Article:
_desc=laplacianoptions,
_about=about(_name="qs_laplacian",
_author="Feel++ Consortium",
_email="feelppdevel@feelpp.org"));
tic();
auto mesh = loadMesh(_mesh=new Mesh<Simplex<FEELPP_DIM,1>>);
toc("loadMesh");
tic();
auto Vh = Pch<2>( mesh ); (1)
auto u = Vh>element("u"); (2)
auto mu = expr(soption(_name="functions.mu")); // diffusion term (3)
auto f = expr( soption(_name="functions.f"), "f" ); (4)
auto r_1 = expr( soption(_name="functions.a"), "a" ); // Robin left hand side expression (5)
auto r_2 = expr( soption(_name="functions.b"), "b" ); // Robin right hand side expression (6)
auto n = expr( soption(_name="functions.c"), "c" ); // Neumann expression (7)
auto solution = expr( checker().solution(), "solution" ); (8)
auto g = checker().check()?solution:expr( soption(_name="functions.g"), "g" ); (9)
auto v = Vh>element( g, "g" ); (3)
toc("Vh");
tic();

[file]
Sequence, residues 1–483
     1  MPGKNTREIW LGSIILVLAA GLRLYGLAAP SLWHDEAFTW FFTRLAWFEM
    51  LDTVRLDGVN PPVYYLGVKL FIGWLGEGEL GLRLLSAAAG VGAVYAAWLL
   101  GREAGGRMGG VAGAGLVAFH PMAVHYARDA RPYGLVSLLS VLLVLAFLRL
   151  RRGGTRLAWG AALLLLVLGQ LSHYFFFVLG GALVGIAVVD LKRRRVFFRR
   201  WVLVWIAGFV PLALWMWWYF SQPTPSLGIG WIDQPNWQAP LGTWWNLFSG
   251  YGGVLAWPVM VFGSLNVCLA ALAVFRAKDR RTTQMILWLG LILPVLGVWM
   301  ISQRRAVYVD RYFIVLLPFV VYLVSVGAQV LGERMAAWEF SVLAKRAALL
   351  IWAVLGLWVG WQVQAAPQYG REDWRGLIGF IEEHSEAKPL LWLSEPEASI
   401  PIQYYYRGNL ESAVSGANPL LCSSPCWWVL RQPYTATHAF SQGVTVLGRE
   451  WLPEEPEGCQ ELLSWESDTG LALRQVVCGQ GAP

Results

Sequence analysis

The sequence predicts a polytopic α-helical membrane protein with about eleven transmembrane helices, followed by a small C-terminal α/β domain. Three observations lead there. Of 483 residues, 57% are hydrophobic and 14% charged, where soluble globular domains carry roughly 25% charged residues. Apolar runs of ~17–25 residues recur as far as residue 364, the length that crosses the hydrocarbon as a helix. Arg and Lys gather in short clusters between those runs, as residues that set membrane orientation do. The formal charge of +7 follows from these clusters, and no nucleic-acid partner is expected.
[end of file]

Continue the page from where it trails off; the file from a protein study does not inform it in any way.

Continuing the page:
auto l = form1( _test=Vh );
l = integrate(_range=elements(mesh),
_expr=f*id(v));
l+=integrate(_range=markedfaces(mesh,"Robin"), _expr=r_2*id(v));
l+=integrate(_range=markedfaces(mesh,"Neumann"), _expr=n*id(v));
toc("l");
tic();
auto a = form2( _trial=Vh, _test=Vh);
tic();
a = integrate(_range=elements(mesh),
_expr=mu*inner(gradt(u),grad(v)) );
toc("a");
a+=integrate(_range=markedfaces(mesh,"Robin"), _expr=r_1*idt(u)*id(v));
a+=on(_range=markedfaces(mesh,"Dirichlet"), _rhs=l, _element=u, _expr=g );
//! if no markers Robin Neumann or Dirichlet are present in the mesh then
//! impose Dirichlet boundary conditions over the entire boundary
if ( !mesh>hasAnyMarker({"Robin", "Neumann","Dirichlet"}) )
a+=on(_range=boundaryfaces(mesh), _rhs=l, _element=u, _expr=g );
toc("a");
tic();
//! solve the linear system, find u s.t. a(u,v)=l(v) for all v
if ( !boption( "nosolve" ) )
a.solve(_rhs=l,_solution=u);
toc("a.solve");
tic();
auto e = exporter( _mesh=mesh );
e>addRegions();
e>add( "uh", u );
if ( checker().check() )
{
v.on(_range=elements(mesh), _expr=solution );
e>add( "solution", v );
}
e>save();
toc("Exporter");
// compute l2 and h1 norm of uu_h where u=solution
auto norms = [=]( std::string const& solution ) >std::map<std::string,double>
{
tic();
double l2 = normL2(_range=elements(mesh), _expr=idv(u)expr(solution) );
toc("L2 error norm");
tic();
double h1 = normH1(_range=elements(mesh), _expr=idv(u)expr(solution), _grad_expr=gradv(u)grad<2>(expr(solution)) );